“MySpace is great but it doesn’t even come close to fully satisfying the hip-hop generation. CrackSpace was created by and for that generation. This is a place for anyone who loves the culture. We have to be very much in touch with the places where kids experience urban music and culture and really set the table for when the majority of sales are online. That’s really what this is all about.”

There’s nothing like naming your company after a drug that has ravaged communities of color all over the country and taken countless lives. Clearly this is a man who cares about our children.

(First read about this on the always-fabulous Crunk and Disorderly.)

10 hints for my white friends

by guest contributor Philip Arthur Moore, originally published at TheThink

Before taking my first ever study abroad trip, I was told that there would be certain social and cultural norms that I would have to adapt to without pressing the issue too much. I knew that as a visitor into the Vietnamese community, no matter how odd, foreign, hypocritical, or just plain weird the people seemed, it wasn’t my place to call them out on it. To be sure, I found myself frustrated at times that I was unable to cause some sort of communal change in areas that I found a bit off, but that was the price I paid to study abroad. I knew that no matter how close I got to the community, through my acquisition of the Vietnamese language or friendly conversations, there were some things I just could not do as a non-Vietnamese person.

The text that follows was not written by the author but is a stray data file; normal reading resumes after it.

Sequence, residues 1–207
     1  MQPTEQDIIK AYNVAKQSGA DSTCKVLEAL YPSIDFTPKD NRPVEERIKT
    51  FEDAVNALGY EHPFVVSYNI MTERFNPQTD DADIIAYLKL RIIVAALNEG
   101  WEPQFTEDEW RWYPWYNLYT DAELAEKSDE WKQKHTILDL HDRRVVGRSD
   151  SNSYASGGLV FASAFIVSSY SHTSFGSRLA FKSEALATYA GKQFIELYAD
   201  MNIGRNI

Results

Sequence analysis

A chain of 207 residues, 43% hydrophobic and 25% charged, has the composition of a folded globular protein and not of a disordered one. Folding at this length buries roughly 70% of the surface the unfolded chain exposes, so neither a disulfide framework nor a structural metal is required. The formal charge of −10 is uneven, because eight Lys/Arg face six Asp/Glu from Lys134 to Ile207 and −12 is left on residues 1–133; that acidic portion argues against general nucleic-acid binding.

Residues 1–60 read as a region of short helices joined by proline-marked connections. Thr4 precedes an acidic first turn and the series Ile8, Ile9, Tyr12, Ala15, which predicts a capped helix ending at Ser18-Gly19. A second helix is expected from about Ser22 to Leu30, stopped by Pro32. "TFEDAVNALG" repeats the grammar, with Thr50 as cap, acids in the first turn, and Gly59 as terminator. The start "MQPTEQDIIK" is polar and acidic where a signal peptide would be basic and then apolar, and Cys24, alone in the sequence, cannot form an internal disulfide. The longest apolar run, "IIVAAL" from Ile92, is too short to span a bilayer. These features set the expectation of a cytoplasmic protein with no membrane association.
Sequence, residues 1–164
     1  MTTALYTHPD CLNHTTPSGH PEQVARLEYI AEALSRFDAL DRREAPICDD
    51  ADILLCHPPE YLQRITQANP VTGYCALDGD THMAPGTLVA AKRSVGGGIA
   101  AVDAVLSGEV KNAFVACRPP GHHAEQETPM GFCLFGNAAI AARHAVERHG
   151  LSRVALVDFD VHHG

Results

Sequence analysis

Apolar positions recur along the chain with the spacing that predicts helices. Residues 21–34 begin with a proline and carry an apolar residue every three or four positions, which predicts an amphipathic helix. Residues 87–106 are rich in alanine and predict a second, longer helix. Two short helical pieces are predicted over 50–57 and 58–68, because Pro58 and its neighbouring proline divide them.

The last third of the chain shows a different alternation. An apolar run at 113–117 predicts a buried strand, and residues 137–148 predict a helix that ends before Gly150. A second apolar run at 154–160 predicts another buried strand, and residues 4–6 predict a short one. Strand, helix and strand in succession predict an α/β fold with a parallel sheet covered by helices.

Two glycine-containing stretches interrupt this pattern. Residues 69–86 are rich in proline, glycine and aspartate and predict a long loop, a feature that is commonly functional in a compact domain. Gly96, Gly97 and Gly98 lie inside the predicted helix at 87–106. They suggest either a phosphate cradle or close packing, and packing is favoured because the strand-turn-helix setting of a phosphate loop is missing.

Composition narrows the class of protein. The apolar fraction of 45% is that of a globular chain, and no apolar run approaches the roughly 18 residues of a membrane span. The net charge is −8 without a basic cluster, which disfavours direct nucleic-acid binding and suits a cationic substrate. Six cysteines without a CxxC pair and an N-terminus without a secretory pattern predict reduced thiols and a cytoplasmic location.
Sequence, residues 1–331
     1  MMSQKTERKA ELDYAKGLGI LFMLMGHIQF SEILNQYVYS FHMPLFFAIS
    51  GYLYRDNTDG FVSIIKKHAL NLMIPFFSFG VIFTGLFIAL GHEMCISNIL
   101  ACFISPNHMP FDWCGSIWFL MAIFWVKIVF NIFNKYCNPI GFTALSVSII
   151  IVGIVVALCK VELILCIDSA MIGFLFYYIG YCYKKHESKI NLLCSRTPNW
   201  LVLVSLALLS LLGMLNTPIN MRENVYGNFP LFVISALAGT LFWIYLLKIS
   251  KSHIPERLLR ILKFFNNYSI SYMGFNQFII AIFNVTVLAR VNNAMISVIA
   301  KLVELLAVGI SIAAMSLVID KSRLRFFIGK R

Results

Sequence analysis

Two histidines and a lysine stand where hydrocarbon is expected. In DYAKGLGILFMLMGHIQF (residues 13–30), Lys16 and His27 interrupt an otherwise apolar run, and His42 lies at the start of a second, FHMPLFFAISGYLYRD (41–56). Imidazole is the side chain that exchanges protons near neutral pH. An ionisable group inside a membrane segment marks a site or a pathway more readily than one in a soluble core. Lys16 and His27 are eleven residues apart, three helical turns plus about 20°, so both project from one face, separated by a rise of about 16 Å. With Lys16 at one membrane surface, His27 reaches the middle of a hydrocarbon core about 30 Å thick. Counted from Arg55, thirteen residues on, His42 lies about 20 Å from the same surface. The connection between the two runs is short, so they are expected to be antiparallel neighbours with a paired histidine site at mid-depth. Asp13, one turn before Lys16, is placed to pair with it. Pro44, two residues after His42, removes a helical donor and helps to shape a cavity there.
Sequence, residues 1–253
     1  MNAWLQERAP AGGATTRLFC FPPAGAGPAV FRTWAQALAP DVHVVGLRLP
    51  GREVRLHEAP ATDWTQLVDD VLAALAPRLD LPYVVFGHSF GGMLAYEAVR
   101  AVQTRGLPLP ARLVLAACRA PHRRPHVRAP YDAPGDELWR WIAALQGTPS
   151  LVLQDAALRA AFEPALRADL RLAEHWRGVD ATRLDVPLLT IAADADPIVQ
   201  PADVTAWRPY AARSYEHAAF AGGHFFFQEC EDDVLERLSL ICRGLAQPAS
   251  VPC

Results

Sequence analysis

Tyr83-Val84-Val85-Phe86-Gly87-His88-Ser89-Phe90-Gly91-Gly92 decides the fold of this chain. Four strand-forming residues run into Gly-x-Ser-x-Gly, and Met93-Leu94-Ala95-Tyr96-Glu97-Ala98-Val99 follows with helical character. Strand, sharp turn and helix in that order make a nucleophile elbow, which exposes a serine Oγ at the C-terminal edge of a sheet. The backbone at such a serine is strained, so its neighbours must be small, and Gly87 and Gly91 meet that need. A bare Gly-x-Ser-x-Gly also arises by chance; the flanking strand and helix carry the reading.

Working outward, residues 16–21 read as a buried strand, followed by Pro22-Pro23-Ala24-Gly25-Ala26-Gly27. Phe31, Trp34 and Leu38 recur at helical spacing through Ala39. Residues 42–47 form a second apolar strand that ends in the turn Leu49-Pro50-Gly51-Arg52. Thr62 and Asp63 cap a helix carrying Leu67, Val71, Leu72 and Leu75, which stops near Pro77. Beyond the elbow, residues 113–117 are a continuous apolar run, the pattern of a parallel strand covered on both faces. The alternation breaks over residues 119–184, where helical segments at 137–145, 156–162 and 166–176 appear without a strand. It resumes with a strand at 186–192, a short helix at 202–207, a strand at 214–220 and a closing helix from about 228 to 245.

It is with this train of thought that I feel the need to enlighten some of my white brothers and sisters about how not to approach the black community in the United States. Now, I realize that black Americans and white Americans live in the same political state, but often times they might as well be defined as two separate nations. Young black children in predominately white schools might as well be on a study abroad trip as far as I’m concerned. White Americans who dare travel into predominately black, brown, or yellow neighborhoods often feel like they are living in another country among a sea of non-white people.